JACKSONVILLE, Fla. -- A reunion could be in the works for a Georgia soldier and the dog he believes was wrongfully taken from him.
First Coast News told the story this week of U.S. Army Specialist Luke Andrukitis and his wartime companion Robbie.
Robbie is a four-year-old Belgian Malinois the military used to sniff out explosives in Afghanistan. Andrukitis, who is stationed at Fort Stewart in Hinesville, Ga., was Robbie's handler for about a year.
In a previously recorded interview, Andrukitis told FCN he and Robbie grew incredibly close.
"Literally, every waking moment you're spending with that dog, (you're) bonding because to the dog you are like this father," he said.
But a problem arose for Andrukitis and several other Ft. Stewart handlers when they returned from deployment earlier this year.
They claim the government contracted kennel, North Carolina-based K2 Solutions, adopted their canines out without their knowledge after it lost its contract with the Army.
Andrukitis said he was never kept in the loop about what was going to happen to Robbie upon their return.
"For building such a deep relationship with my dog, and after coming back, I would have liked to have known at least where he went," he said.
It was not until Tuesday morning that Andrukitis got his first big clue about Robbie's whereabouts.
FCN received a call from the wife of a private government contractor and Washington native Jeff Quackenbush, who is on assignment in Afghanistan.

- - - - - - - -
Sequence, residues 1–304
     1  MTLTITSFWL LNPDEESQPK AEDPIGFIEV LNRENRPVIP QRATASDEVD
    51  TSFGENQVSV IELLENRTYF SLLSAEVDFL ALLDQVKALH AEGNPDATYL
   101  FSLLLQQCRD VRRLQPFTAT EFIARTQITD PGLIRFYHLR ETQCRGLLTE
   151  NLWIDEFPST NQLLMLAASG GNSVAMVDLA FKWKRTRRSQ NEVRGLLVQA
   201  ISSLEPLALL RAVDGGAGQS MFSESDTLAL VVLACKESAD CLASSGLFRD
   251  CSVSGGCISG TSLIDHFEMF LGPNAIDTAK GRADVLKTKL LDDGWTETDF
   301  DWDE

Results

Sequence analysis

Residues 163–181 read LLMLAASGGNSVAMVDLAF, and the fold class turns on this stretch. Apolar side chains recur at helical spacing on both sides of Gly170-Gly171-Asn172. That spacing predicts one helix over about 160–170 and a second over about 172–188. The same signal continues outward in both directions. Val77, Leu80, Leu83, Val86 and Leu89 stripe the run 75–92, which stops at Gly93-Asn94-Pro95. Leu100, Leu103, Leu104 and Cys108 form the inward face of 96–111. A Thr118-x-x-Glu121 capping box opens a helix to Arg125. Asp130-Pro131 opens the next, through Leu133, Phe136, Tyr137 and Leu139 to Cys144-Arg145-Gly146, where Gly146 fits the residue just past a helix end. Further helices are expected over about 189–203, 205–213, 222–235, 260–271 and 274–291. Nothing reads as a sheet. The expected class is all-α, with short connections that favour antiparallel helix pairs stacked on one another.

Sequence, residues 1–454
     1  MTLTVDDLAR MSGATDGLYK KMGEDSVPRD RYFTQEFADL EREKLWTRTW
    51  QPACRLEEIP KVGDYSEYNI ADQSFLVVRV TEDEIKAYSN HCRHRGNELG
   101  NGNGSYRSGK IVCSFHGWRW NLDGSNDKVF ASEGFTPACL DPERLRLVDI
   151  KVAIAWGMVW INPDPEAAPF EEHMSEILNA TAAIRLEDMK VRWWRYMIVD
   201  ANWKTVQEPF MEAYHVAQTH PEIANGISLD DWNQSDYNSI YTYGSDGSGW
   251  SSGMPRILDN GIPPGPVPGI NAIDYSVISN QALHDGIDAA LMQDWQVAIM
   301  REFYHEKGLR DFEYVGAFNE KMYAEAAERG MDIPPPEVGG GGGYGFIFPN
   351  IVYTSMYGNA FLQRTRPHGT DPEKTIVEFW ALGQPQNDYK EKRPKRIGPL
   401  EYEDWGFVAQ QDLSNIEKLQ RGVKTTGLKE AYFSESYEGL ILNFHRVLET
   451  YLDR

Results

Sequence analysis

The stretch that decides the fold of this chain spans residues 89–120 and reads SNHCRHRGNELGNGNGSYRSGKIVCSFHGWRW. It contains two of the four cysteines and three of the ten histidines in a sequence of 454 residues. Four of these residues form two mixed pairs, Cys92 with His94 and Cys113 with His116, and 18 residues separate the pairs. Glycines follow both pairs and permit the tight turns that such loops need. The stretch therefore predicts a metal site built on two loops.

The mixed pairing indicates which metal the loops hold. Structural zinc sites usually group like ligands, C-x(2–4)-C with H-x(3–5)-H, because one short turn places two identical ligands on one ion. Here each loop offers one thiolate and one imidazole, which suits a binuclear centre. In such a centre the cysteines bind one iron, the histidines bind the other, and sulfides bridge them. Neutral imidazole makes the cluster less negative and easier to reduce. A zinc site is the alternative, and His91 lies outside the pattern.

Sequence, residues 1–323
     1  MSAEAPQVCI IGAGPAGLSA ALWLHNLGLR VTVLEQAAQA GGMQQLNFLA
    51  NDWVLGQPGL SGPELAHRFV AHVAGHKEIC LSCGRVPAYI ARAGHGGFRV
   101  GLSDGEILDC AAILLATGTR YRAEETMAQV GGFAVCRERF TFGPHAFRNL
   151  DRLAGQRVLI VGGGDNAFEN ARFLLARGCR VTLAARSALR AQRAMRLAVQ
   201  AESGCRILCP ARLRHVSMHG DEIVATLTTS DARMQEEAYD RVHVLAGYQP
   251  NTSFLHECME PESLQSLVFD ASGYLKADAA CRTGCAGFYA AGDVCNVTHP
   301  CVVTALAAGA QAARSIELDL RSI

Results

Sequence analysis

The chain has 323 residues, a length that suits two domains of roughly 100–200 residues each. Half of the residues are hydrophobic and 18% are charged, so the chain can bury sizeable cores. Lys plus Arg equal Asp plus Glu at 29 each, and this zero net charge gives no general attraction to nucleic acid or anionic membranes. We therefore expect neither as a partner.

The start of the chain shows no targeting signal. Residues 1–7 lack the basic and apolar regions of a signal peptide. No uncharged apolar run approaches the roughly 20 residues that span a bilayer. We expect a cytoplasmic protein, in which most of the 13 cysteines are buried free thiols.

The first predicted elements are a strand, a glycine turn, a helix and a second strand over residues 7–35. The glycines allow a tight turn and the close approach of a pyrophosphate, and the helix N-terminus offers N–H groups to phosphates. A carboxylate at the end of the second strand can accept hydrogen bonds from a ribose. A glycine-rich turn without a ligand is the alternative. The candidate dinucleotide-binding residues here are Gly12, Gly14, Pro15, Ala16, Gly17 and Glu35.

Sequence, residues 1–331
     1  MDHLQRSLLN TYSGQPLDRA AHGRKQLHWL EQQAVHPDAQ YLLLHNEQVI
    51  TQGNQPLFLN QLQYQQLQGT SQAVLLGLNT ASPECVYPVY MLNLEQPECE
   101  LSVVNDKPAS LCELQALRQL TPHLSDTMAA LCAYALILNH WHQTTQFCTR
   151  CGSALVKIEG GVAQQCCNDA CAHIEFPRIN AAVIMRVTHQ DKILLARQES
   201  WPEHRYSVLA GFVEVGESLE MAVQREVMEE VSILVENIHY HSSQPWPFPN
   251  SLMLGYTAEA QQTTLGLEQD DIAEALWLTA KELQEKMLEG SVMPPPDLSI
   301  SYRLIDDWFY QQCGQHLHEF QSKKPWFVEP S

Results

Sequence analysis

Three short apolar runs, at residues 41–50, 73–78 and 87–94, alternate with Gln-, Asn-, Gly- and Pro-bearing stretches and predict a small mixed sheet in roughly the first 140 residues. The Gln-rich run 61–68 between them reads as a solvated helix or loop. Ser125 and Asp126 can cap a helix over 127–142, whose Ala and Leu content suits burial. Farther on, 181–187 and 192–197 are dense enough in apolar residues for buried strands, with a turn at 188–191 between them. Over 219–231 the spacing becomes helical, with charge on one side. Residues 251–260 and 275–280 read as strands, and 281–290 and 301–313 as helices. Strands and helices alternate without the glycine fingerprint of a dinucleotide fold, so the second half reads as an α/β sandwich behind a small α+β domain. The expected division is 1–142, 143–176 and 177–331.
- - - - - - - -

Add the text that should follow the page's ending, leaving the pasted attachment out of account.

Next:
She had seen Andrukitis' story circulating on Facebook and forwarded it to her husband, who explained to FCN how he came to be in possession of Robbie.
"We were looking for explosive detection dogs and we heard these were available," Quackenbush said.
He said his company adopted three dogs, including Robbie, from K2 Solutions in February of this year. That is the same month the company lost its defense contract in what its CEO called a "significant situation."
Quackenbush said he had no idea about the dogs' back story and that some military members were currently looking for them. The handlers told FCN they turned their dogs over to K2 for what they were told would be a routine evaluation.
"I didn't have any idea how things were done with the dogs," he said.
After reading Andrukitis' story online, Quackbenbush became convinced he had Robbie. The men later connected via e-mail and confirmed Robbie's tag number.
"They have the same floppy ear," he said.
Now, Quackenbush is hoping his company will let him adopt Robbie when its contract is over so he can turn him back over to the man he considers his rightful owner.
"What I would hope is if and when I leave this contract that they would give me the option of adopting Robbie," he said.
Andrukitis told FCN he is hopeful for a reunion and plans on staying in touch with Quackenbush.